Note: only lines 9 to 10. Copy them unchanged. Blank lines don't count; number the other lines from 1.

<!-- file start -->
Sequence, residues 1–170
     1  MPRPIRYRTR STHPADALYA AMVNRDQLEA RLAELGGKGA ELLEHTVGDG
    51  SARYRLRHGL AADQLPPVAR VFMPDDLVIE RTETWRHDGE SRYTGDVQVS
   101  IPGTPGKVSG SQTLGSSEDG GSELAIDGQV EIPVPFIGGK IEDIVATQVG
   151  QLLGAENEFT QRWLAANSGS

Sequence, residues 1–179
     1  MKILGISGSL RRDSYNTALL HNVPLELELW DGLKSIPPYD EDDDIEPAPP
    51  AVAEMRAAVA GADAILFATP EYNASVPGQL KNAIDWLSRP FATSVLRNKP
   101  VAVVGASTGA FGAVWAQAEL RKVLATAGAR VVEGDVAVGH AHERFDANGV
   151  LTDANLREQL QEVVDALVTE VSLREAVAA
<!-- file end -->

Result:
   101  VAVVGASTGA FGAVWAQAEL RKVLATAGAR VVEGDVAVGH AHERFDANGV
   151  LTDANLREQL QEVVDALVTE VSLREAVAA